“Thank God for the milk bread,” Joe Kindred said. Food & Wine magazine might be “doing something,” he said, about the pots of pull-apart yeasty rolls that Kindred provides, complimentary, to each diner.
Make no mistake: Handing over milk bread, with its house-cultured butter and fleur de sel, is a tactical move, aimed at disarming “all the haters and the Yelpers,” he said.
“The whole milk bread thing is inspired by the yeast rolls I used to get at Quincy’s. Those were the bomb,” said Joe, referencing the old Southern-based steakhouse chain. “(We figured) everyone’s going to come in expecting so much, so much, so much. Let’s take them back to a moment in their lives (like) the yeast rolls they had at Thanksgiving.”
Disarm them with yeastiness, then convince them with risk reduction: Servers at Kindred get a lot of training and tasting experience, the better to explain and recommend, and are encouraged to comp (remove from the bill) any dish a diner doesn’t like and order dishes on the fly (quick-like-now) to correct or apologize for a mistake.
The menu changes often, as Joe assesses whether things are working – he removed a raviolo that he felt the kitchen couldn’t execute, for example, and butter sauces may be on the way out: They’re “really tough for us. By the time we get them to the third floor, they’re cold.”
Prices were cut, too, when the couple determined people weren’t comfortable with entrees that topped $20. Little tops $20 now.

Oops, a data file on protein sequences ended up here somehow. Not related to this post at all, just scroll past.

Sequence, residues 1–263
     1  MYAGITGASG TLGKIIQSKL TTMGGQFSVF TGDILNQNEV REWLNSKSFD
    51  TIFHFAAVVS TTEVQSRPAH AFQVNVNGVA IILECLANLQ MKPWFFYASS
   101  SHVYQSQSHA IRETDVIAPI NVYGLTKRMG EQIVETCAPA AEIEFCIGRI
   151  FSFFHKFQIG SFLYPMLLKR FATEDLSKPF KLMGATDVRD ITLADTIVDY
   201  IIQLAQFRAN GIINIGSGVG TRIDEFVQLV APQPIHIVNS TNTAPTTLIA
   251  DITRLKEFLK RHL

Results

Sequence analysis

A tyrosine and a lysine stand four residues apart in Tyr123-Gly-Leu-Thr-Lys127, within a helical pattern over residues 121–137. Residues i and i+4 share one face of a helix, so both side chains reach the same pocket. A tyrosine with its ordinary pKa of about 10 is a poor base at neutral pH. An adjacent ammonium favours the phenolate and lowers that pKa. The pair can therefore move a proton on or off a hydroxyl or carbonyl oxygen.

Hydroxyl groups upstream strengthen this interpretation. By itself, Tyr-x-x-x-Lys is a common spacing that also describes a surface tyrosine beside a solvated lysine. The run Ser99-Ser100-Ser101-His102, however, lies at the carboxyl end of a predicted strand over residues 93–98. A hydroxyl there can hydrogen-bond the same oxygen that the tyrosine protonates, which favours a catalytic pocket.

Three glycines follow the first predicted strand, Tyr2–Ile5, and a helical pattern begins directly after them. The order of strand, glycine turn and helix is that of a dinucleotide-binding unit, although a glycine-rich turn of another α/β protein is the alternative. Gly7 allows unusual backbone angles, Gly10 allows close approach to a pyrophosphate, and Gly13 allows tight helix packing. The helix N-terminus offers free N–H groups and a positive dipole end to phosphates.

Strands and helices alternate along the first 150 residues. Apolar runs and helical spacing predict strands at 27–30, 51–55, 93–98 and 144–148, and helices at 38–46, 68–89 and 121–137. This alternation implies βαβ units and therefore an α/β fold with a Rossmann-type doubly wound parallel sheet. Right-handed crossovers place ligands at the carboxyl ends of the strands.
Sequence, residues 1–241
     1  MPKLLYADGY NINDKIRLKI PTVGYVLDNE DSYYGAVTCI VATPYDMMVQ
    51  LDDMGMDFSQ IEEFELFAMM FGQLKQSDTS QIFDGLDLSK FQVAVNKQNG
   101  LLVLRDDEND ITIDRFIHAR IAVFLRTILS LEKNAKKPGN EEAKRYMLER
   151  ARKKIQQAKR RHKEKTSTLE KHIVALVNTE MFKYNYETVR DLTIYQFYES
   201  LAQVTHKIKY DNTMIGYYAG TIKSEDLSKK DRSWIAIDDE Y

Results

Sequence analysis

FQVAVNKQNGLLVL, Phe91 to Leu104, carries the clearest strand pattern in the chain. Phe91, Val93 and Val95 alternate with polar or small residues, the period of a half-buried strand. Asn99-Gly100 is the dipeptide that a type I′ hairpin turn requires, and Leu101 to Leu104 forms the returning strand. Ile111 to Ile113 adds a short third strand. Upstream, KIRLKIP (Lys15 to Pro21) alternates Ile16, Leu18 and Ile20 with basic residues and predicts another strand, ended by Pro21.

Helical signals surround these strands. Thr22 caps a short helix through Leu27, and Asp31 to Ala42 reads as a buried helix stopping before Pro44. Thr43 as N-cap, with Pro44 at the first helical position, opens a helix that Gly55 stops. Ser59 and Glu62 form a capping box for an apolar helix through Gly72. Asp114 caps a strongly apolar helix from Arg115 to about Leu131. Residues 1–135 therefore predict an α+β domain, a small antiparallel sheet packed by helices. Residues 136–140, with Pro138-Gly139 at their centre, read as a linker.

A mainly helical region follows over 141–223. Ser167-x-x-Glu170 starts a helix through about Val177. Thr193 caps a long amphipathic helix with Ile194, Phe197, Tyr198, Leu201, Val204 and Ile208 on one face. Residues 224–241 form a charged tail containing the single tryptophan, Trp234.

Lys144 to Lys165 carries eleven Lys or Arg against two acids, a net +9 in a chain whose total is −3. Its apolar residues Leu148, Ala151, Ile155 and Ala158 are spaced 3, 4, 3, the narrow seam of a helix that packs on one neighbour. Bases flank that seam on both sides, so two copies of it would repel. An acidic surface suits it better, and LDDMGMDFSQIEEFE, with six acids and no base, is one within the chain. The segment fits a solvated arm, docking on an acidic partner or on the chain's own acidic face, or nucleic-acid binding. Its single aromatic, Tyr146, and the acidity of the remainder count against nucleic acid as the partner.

Sales last week were up 35 percent, he said; Katy Kindred said reservations have been “a little crazy” but there’s nearly always room on the patio. Add to that the fact their nanny went into labor Tuesday (daughter Alba is 4, son Luca, 2), and that Katy’s expecting their third child, and the Kindreds are facing a bit of chaos.
Or as any self-respecting restaurateur would put it (and Joe does): “We’re definitely in the weeds.”
Which leads him to the conclusion that “there’s more pressure on me as a chef, as a dad, as a leader... I gotta get better, if we’re going to be in the limelight.”
Knowlton, who first visited Davidson as a high school junior in 1992 to visit the college with his mom, doesn’t remember how he first heard about the restaurant – maybe in the Observer, maybe a mention from someone.
Visiting, he was struck by the regulars’ pride – they talk about it “like another Steph Curry” – and the staff’s engagement: “The bartender pointed out the gnome guy and said he comes in all the time.” (That would be Tom Clark, whose collectible gnomes were once housed in the building and who orders a martini and fried oysters.)
“Look, Charlotte always ... played second fiddle in a lot of people’s minds” and “only recently” has national press turned its eyes to Southern food, said Knowlton.
Often, restaurants playing up their Southernness are “schticky, maudlin,” he said (and he grew up in Atlanta).
Kindred, with its squid-ink conchiglie with blue crab and sea urchin butter, and “a really good rabbit dish” is offering “Southern dishes and Southern ingredients ... but doing it in a very smart, sophisticated way.”
131 N. Main St., Davidson; 980-231-5000.